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It’s impossible for us to know how Sibelius’s choral symphony Kullervo struck its first listeners more than 100 years ago, but it must have sounded as strange and unwieldy as anyone had heard. Here was an incantatory epic, its raw majesty coloured by folkloric melody and brooding timbre, spread across a vast canvas on a current of operatic proportions.
Written before Sibelius embarked on his great journey of compression, Kullervo remained the estranged relative of his oeuvre until after his death, but is now more familiar. Yet the best performances are still defined by the way they conjure its runic mystery. No one knows this better than Osmo Vänskä, whose return to the BBC Scottish Symphony Orchestra, for the first time since he gave up its principal conductorship four years ago, was the cause of much rejoicing in Glasgow.
His concert formed the second part of “Sibelius Revisited”, a series designed to question why this composer’s music goes so far beyond conventional symphonic logic. It’s not as if Scotland has never had a chance to grapple with the Sibelius enigma. The music has belonged there ever since Ian Whyte’s broadcast performances from Glasgow in the 1940s, heard and applauded by the composer.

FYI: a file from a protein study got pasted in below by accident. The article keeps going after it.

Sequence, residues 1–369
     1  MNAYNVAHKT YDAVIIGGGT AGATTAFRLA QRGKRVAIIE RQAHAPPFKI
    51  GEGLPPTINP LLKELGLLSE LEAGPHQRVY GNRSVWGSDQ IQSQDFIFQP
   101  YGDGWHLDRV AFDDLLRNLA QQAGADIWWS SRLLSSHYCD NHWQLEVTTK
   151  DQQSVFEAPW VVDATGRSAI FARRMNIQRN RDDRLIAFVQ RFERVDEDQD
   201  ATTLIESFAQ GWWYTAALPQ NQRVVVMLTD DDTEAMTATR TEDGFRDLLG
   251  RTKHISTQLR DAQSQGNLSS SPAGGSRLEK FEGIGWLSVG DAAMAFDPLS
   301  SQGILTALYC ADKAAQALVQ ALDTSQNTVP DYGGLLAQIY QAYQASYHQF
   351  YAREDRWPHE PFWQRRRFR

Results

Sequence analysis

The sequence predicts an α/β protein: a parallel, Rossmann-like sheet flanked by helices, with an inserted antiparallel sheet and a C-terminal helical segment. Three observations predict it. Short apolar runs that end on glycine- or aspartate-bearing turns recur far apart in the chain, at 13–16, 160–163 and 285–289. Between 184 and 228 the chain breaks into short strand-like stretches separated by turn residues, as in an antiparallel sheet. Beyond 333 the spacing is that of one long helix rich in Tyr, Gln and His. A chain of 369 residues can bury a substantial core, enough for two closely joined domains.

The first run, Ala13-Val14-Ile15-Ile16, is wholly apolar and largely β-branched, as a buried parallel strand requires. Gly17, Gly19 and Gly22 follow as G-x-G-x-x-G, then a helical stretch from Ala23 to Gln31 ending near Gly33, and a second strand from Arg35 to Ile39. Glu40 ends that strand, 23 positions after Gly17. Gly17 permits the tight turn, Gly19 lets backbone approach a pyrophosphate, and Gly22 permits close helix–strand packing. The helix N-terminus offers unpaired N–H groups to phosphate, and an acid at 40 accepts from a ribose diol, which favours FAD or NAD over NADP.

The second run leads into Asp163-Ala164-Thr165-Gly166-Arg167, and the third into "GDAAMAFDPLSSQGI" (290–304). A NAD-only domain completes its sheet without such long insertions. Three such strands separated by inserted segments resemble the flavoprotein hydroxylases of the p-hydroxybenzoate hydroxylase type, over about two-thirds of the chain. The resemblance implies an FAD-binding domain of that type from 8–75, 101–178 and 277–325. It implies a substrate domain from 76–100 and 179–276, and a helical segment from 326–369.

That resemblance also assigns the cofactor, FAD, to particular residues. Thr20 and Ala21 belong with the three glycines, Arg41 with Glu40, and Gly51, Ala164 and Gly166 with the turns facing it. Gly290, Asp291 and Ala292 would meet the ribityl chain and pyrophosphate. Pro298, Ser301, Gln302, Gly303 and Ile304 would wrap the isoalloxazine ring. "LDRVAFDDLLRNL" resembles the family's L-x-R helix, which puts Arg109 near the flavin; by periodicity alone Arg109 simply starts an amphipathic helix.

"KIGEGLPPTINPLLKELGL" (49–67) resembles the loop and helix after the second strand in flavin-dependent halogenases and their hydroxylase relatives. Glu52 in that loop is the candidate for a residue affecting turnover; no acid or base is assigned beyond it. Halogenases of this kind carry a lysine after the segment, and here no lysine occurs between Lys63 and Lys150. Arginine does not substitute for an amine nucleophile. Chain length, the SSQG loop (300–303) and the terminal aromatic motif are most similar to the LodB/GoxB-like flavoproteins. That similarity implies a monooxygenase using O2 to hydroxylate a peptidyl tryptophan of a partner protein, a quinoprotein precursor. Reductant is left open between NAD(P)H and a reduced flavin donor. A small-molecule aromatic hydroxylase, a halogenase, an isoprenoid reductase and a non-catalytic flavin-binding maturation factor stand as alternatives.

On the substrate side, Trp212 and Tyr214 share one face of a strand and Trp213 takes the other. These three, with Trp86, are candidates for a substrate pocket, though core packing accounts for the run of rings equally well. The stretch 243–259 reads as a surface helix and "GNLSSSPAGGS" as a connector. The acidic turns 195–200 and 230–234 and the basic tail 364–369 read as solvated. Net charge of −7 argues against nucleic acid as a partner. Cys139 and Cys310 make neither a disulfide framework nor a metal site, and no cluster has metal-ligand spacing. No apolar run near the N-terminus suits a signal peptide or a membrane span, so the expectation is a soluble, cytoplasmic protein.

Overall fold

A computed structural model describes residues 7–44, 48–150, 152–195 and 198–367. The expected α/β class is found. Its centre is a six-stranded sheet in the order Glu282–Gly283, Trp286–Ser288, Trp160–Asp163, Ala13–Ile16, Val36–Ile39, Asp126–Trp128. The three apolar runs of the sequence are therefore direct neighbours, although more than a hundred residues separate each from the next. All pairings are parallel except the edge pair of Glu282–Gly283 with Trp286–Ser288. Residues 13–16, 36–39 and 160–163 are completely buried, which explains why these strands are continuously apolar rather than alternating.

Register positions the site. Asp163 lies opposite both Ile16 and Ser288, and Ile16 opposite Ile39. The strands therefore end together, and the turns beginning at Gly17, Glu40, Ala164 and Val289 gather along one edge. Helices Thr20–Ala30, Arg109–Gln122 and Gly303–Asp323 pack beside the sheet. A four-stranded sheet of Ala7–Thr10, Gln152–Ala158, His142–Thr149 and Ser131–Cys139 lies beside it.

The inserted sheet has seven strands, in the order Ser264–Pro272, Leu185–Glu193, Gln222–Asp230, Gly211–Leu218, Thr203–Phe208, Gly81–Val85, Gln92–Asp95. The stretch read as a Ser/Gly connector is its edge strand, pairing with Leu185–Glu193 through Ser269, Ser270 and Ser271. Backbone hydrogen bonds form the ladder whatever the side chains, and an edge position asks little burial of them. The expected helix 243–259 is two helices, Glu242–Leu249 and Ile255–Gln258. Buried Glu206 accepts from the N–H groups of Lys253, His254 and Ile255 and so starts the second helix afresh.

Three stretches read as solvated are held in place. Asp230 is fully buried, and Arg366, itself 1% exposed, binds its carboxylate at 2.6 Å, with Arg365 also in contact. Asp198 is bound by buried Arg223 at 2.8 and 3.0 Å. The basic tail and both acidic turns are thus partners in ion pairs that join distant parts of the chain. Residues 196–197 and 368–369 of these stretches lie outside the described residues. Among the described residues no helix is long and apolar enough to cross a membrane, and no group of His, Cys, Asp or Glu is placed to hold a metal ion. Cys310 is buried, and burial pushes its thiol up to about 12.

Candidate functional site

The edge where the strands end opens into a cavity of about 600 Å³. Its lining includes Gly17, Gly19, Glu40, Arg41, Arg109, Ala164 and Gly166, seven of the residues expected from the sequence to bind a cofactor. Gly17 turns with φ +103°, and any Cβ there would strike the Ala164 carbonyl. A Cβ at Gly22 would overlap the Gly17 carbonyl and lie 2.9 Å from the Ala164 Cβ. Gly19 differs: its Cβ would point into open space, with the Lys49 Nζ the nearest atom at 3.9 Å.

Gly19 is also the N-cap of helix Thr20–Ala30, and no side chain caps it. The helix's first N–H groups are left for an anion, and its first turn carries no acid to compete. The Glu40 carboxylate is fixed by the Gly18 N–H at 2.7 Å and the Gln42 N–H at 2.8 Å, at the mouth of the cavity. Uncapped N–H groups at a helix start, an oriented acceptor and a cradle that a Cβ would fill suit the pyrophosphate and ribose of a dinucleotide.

Alexander Gibson was a consistent champion; so was Vänskä. And yet when his gifted successor Ilan Volkov opened “Sibelius Revisited” with the Fourth Symphony, there was no mistaking the way this music eludes interpreters who are not temperamentally attuned.
Vänskä is a less “natural” conductor than Volkov but has a peerless understanding of Sibelius and a rare ability in performance to find the mean between discipline and energy. His account of the Third Symphony plumbed extremes of temperament and tempo – and yet, in the very act of negotiating dramatic shifts of balance, the musical argument accumulated in strength. The same was true of Kullervo. Vänskä tempered its ungainliness by controlling its drama, to which the 60-strong YL Helsinki Male Voice Choir brought thrilling finesse.
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